BY PATRICK JOHNSON
The basics of long term care (LTC) is the need for assistance or supervision with the six activities of daily living. These are eating, bathing, dressing, toileting, transferring and continence. There are many health-related issues that can play a role in the need for long term care: chronic illness, advanced age, accident, stroke, Alzheimer’s disease and other cognitive impairments.
Long term care policies cover home health care, including part-time skilled nursing services, physical therapy and respite care. They also provide care at a residential care facility, nursing facility and assisted living communities. Additional services would also include hospice care, medical equipment and home modifications.
The top reason one would buy a long term care plan is to allow your loved ones to care about you instead of caring for you. Also — to remain independent, to have a choice where to receive care and to avoid burdening loved ones with caregiving roles. The cost for home care in Sacramento, Calif. is around $28 to $32 dollars per hour. A one bedroom assisted living community starts around $4,500 per month.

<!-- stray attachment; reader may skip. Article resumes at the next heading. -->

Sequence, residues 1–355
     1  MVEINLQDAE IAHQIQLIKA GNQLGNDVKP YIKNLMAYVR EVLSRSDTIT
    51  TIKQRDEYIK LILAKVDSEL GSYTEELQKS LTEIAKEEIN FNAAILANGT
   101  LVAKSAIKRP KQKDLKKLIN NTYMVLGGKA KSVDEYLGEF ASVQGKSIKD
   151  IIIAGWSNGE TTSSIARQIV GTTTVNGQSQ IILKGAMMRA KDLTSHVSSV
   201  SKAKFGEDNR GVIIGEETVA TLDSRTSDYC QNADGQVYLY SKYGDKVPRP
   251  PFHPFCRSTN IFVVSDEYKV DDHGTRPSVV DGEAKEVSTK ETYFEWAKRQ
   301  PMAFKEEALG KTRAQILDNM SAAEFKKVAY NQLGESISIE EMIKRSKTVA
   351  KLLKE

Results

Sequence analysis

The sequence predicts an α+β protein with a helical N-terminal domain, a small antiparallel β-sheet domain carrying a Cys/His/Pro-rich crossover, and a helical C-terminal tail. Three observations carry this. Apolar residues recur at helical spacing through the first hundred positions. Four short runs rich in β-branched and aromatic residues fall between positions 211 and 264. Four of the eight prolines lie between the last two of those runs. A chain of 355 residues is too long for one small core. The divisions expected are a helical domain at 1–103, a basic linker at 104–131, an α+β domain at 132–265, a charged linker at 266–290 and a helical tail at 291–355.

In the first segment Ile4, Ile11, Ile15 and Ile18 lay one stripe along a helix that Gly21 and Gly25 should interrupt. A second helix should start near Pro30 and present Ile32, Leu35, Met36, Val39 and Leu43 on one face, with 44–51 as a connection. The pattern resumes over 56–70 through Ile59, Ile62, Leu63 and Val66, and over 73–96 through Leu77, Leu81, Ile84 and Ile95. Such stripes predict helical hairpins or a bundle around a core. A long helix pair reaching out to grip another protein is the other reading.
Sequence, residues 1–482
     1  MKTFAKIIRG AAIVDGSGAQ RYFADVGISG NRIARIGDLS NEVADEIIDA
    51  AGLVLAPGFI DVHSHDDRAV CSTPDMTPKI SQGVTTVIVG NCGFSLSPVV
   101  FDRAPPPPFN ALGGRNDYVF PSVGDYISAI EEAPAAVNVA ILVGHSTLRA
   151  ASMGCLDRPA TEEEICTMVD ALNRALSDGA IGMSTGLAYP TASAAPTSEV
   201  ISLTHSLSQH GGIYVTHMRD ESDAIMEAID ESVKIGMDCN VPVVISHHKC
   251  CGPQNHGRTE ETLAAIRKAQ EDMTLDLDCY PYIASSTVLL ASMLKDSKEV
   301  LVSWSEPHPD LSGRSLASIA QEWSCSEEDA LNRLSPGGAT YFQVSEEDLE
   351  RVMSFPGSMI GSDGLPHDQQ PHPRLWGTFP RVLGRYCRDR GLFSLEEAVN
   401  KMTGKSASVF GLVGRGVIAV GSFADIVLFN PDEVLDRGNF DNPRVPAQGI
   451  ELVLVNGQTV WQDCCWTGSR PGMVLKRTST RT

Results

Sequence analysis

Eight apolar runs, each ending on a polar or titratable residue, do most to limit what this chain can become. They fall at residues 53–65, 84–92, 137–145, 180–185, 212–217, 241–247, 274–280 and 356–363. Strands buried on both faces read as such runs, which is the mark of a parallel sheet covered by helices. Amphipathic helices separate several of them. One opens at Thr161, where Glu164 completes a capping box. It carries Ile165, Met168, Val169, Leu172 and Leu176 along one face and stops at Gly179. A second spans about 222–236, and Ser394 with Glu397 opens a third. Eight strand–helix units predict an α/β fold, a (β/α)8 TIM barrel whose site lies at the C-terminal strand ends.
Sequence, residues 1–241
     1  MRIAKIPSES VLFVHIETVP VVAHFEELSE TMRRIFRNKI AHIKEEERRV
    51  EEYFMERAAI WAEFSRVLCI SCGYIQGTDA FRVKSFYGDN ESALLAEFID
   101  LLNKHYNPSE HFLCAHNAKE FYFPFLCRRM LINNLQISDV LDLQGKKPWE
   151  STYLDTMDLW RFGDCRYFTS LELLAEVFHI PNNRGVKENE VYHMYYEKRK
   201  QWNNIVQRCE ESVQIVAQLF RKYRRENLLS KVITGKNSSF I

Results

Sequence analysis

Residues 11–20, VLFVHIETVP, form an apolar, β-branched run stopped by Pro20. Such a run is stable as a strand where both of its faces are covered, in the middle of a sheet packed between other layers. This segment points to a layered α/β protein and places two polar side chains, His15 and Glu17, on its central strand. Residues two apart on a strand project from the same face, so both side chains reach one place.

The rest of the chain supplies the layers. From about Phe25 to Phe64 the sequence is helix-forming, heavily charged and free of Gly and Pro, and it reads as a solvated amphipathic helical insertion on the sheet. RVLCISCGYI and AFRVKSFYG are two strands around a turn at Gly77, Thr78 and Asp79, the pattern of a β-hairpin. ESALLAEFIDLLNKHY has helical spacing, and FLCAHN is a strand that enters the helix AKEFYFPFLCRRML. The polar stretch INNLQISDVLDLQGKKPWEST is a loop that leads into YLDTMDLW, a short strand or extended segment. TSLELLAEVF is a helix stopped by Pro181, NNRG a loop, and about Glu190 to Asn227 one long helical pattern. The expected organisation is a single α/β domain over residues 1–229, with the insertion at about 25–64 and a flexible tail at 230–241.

Assisted living communities have many levels of care. Most have up to six levels, with some with up to nine levels. Each level up provides additional care and can cost $450 per month more. Up to a level nine could offer a registered nurse around the clock.
3 Types of Plans Offered
The three most common types of long term care products are the traditional pay as you go, hybrid Life/LTC combo products and universal life with a LTC rider.
1) The traditional plan is a cash flow sale: you pay a monthly premium based on the options you choose. This could include:
• The daily benefit amount
• Inflation options — usually are 3 and 5%
• 20-year option or life time option
• Length of coverage such as 2, 3, 4, 5, 6 years or unlimited.
Also in the calculation is the elimination period for a claim to start — usually 90 days. Some plans also offer a Zero Day elimination rider for home care. The age of the client and if single or married have an impact. Some plans do offer a couples discount.